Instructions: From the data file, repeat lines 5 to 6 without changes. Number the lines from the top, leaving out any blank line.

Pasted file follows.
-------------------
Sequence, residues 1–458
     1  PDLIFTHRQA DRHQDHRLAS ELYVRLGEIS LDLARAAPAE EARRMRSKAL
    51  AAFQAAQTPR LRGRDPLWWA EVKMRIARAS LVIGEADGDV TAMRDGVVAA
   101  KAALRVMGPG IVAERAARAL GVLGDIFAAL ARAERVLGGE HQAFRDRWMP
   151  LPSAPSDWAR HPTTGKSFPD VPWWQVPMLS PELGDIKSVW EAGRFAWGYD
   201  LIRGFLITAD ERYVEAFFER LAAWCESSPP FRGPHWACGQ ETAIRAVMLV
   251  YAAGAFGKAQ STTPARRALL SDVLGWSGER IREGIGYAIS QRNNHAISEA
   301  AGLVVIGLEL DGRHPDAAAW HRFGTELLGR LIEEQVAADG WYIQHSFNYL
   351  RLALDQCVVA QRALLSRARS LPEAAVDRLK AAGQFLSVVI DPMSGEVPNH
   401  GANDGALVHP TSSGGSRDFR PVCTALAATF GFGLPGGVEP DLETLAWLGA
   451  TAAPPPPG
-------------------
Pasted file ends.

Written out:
   151  LPSAPSDWAR HPTTGKSFPD VPWWQVPMLS PELGDIKSVW EAGRFAWGYD
   201  LIRGFLITAD ERYVEAFFER LAAWCESSPP FRGPHWACGQ ETAIRAVMLV